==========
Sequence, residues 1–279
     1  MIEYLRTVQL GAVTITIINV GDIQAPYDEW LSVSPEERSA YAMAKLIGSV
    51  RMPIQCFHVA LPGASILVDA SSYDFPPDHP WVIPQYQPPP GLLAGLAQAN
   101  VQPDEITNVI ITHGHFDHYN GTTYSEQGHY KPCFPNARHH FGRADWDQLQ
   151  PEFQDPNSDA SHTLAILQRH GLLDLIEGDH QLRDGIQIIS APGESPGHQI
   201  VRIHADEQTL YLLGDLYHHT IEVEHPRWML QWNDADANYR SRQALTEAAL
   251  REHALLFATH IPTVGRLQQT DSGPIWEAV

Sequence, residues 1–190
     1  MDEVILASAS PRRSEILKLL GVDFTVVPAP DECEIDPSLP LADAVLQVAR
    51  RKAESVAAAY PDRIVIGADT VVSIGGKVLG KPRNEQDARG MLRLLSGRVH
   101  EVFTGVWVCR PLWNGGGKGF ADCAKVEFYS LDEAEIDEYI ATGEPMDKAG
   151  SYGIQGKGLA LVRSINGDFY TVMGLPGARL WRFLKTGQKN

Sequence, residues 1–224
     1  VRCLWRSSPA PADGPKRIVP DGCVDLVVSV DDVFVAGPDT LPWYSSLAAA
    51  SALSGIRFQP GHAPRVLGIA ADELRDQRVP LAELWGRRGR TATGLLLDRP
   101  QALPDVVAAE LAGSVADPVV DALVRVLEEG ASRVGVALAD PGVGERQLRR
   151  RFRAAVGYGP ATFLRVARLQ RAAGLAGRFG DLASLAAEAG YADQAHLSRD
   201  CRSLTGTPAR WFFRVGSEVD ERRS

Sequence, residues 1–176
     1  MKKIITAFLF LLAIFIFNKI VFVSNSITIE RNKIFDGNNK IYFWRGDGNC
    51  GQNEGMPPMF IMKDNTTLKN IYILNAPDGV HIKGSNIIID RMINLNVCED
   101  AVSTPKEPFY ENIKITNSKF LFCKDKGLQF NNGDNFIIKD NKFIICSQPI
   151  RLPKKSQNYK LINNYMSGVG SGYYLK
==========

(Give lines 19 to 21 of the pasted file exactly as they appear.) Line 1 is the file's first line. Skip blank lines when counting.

Sequence, residues 1–176
     1  MKKIITAFLF LLAIFIFNKI VFVSNSITIE RNKIFDGNNK IYFWRGDGNC
    51  GQNEGMPPMF IMKDNTTLKN IYILNAPDGV HIKGSNIIID RMINLNVCED